Sirius, the brightest star in the night sky, is out of sight now. Thanks to its rising and setting times and our viewing angle, it’s hidden in the Sun’s glare. It’ll return to view in a few weeks.
Thousands of years ago, Sirius first poked into view in the morning sky in early July, when the weather was heating up. Sirius is known as the Dog Star, so the period of the summer’s greatest heat — when the Dog Star emerged into full view — came to be known as the Dog Days. The period begins around July 3rd and ends in mid-August.
“Dog Days” is a phrase we still use today, even though Sirius is nowhere in sight. It’s moved because an effect known as precession causes the stars to slide through the seasons.
The Dog Star is also known as Canicula — a Latin word that means “little dog.” In parts of Mexico, Texas, and other regions, the Dog Days are sometimes called “La Canicula.”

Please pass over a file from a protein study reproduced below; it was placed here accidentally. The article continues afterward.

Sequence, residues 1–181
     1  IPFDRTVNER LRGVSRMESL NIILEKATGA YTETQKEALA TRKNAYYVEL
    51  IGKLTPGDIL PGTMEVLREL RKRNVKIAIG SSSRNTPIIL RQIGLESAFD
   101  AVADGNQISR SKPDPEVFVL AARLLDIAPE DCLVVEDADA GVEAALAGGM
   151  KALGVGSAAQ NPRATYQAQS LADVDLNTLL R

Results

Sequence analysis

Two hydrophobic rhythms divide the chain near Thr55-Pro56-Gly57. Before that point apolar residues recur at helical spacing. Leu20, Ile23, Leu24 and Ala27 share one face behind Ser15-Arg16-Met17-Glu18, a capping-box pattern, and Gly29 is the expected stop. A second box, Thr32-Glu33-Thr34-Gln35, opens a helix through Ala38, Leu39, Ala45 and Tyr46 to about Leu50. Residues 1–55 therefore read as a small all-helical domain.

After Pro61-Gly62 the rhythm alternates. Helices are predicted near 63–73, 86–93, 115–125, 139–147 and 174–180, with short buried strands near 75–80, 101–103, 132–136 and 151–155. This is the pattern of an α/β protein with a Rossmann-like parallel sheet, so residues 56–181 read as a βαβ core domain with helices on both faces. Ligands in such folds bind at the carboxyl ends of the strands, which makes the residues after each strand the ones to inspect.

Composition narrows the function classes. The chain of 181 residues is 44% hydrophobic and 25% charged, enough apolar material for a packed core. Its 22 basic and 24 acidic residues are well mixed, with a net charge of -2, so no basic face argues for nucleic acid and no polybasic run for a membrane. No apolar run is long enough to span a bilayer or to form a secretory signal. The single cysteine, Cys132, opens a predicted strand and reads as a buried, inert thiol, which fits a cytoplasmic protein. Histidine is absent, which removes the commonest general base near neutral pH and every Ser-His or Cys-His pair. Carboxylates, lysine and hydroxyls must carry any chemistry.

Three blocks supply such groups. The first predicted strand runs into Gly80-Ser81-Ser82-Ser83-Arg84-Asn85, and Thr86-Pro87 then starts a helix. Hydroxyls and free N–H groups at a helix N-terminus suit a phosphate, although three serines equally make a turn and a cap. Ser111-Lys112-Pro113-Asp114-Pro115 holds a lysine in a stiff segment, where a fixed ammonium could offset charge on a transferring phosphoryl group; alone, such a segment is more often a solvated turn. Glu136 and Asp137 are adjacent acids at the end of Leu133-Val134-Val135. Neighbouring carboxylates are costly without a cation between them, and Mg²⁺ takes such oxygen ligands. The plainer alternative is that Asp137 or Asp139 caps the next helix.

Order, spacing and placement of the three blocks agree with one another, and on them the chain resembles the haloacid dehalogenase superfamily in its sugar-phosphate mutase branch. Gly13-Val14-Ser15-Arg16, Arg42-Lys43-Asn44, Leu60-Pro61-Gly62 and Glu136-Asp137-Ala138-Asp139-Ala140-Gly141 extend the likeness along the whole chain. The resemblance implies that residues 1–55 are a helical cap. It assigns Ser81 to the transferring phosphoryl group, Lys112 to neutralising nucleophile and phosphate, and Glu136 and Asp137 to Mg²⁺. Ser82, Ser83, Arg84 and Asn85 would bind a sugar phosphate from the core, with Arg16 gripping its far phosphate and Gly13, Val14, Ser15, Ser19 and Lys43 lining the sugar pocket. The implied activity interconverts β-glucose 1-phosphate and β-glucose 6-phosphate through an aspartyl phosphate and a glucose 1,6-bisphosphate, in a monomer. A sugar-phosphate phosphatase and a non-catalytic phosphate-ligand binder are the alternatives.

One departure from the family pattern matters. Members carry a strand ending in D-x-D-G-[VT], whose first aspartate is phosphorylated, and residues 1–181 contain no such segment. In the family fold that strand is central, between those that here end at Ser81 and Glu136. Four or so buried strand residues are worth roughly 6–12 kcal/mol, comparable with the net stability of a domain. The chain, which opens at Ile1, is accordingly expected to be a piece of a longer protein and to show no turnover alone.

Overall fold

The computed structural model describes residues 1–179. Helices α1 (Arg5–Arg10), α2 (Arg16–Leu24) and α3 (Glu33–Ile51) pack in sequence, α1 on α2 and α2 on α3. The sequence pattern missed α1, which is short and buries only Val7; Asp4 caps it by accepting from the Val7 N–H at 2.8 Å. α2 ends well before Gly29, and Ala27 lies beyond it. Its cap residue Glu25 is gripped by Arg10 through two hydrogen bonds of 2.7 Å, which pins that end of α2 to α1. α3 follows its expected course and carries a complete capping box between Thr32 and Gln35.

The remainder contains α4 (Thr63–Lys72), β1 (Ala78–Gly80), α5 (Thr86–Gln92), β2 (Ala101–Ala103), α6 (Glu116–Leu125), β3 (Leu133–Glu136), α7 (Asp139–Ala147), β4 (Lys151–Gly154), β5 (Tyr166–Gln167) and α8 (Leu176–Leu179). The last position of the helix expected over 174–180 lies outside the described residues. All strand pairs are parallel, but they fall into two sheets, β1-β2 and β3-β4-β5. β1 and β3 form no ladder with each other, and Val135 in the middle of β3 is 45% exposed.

The people of ancient Egypt used several calendars. In one, the new year began with the first appearance of Sirius in the dawn sky. In another, the year was exactly 365 days long — a quarter of a day shorter than the true year. So the calendar slid out of sync with the Sun by one day every four years. But it came back around once every 1,461 of those years. That span is known as the canicular period — the time it took the canicular star to return to its rightful place in the calendar, climbing into view in early July.
Script by Damond Benningfield